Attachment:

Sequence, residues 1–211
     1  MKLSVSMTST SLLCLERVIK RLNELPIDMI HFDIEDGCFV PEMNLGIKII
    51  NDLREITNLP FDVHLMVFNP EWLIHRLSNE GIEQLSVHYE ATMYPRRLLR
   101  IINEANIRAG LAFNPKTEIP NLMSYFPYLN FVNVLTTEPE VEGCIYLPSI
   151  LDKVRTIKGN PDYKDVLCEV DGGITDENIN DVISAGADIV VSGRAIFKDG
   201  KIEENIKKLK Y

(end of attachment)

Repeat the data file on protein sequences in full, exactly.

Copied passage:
Sequence, residues 1–211
     1  MKLSVSMTST SLLCLERVIK RLNELPIDMI HFDIEDGCFV PEMNLGIKII
    51  NDLREITNLP FDVHLMVFNP EWLIHRLSNE GIEQLSVHYE ATMYPRRLLR
   101  IINEANIRAG LAFNPKTEIP NLMSYFPYLN FVNVLTTEPE VEGCIYLPSI
   151  LDKVRTIKGN PDYKDVLCEV DGGITDENIN DVISAGADIV VSGRAIFKDG
   201  KIEENIKKLK Y